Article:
Beyond the Boxscore
A smarter Cinderella: An inbounds play, Big Shot Brad & a pep band gone wildpower VCU
SAN ANTONIO — The First Four team looks dead, done and discouraged. It had its chance and lost once the game went into overtime, right? It had its chance up one with two free throws to extend the advantage its three in OT and blew it, right?
What chance could VCU have now?
"We're going to win this game," Shaka Smart keeps repeating in the huddle, catching the eye of every player he can. "We're going to win this game."
"That's coach," Rams point guard Joey Rodriguez says later. "He's always telling us, 'We've got this.' "
VCU's got this — a berth in the Elite Eight — because its 33-year-old coach who only looks slightly older than Butler's Harry-Potter-man Brad Stevens conjured up not one, but two precise inbounds plays with the March magic seemingly falling apart all around him. Florida State leads 71-70 with 7.9 seconds left. VCU, the 11th seed out of the First Four, gets to inbounds the ball from under the FSU basket. To probably throw up a desperation shot and call it a month.
Only that's not what happens. Rodriguez — the player who missed those two free throws, the ones that sent his dad pacing around the entire Alamodome — whips a perfect pass to a cutting Bradford Burgess right at the basket. Layup.
VCU 72, ACC 71.
A few frantic moments later — and a Florida State shot and miss that came after the buzzer — and suddenly, the Alamodome's gone berserk. Rodriguez leads a chest-thumping run to center court to start one of the longest Elite Eight celebrations you're ever going to see. Heck, some Final Four berths have been less celebrated. It's lucky that the court still has nets for Sunday's game.
And why not?
No team's ever had to win four games to get to the Elite Eight before. From First Four to Final Four?
"To be honest, our goal was the Sweet 16," Rodriguez says. "But why stop now."
Because Kansas — probably the most fearsome No. 1 seed left in the field after Kentucky stunned Ohio State in the other half of this late Friday night — is next for one. But it's almost fitting that when VCU finally gets the stage to itself it will be against an ultimate giant. Even though the Rams (27-11) have played more games in this NCAA Tournament than any other team, America's been slow to embrace them in any type of Butler or George Mason way.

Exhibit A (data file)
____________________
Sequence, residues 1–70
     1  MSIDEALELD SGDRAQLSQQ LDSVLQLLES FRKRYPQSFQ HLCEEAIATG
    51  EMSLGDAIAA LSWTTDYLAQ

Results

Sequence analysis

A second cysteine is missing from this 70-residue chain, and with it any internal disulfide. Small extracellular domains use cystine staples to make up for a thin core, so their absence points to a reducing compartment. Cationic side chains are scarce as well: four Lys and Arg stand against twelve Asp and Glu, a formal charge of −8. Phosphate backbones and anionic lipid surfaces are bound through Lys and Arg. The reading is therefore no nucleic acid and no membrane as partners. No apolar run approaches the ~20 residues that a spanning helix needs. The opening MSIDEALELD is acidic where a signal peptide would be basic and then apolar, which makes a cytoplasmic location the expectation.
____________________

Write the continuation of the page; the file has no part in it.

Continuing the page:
That's because the Rams hadn't had anything close to a signature shining moment. They ground down USC by 13 in one of the First Four games that nobody could get into. They waxed Georgetown and Purdue by 18 each. There was no real reason to pay attention to VCU. It wasn't in any of the compelling games.
Until now. Until Kentucky-Ohio State ended and VCU was the only show on TV. Until the rethought inbounds pass.
"This is the first time we've really got a taste of the madness, so hopefully we're due a little more," Rodriguez says. "Before tonight, we've been busting people."
Inbounds to heaven
Smart was sure he'd called a great inbounds play, VCU's best inbounds play. Then, he noticed a Florida State assistant coach mouthing to the Seminoles which play the Rams would run after FSU followed a Rams' timeout with one of its own. VCU's top inbounds play had been scouted out dead.
So Smart changed it up and called an inbounds play his team doesn't rely on quite so heavily.
"We had Play 12 called and coach switched it to Play 11," Rodriguez says.
Smart told his 5-foot-10 point guard — a curious choice for an inbounds passer considering FSU was going to pressure the passer with a tall player — to do a few pass fakes and look for Big Shot Brad on the third screen.
That's what the Rams call Burgess — Big Shot Brad. He was about to make the biggest shot in VCU history.
"I got open and just made it," Burgess says.
Suddenly, all those endless practices made sense.
"Coach makes us practice inbounds plays every single practice," Rodriguez says. "We're usually like, 'Inbounds plays again.' I'm not going to doubt anything the coaches say ever again. That man's a genius."
Getting there with a band
Smart is anything but conventional. He takes his team to the Alamo, encourages them to walk around the city, to get out of the hotel, to be as relaxed as possible — and then try to create complete chaos on the court.
VCU's frantic pressure clearly unnerved the Seminoles in spurts. Florida State didn't seem aware of where the traps would come from and then they were there. Or just when the Noles were expecting constant pressure, the Rams dropped back into a more traditional half-court defensive set.
It's all part of Smart's carefully-constructed crazy havoc.
VCU scores in spurts and then takes a flurry of rushed shots. If senior guard Brandon Rozzell hits two straight 3-pointers, you can be sure that he's going to force up a heat-check third triple under pressure. But there is plenty of old fashioned ball movement at the heart of Smart's offense.
A few of the open triples (and VCU hit 12 of them) came on the fourth pass Friday night. A Ram always seems to be cutting to the rim to receive the pass for a layup or cutting to a corner or a wing to get a pass for a 3-point look. There's a little Princeton offense mixed in with all that frantic pressure.
With most of America focused on the Ohio State-Kentucky thriller in Newark, everyone missed a heck of a show in its own right. The Rams Rumble.
Even the VCU pep band refuses to play by the rules. Alamodome security came over again and again to warn the rambunctious group about this violation or that (trying to play while a video was on the scoreboard, flinging drum sticks into the air). The Ram band would sit there and politely smile at each rebuke. Then wait a few minutes and do it all over again.
"We feed off them every single game," Smart says, becoming perhaps the first Elite Eight coach in history to credit the band.
There are no rules for Cinderella.
From the First Four to the Final Four?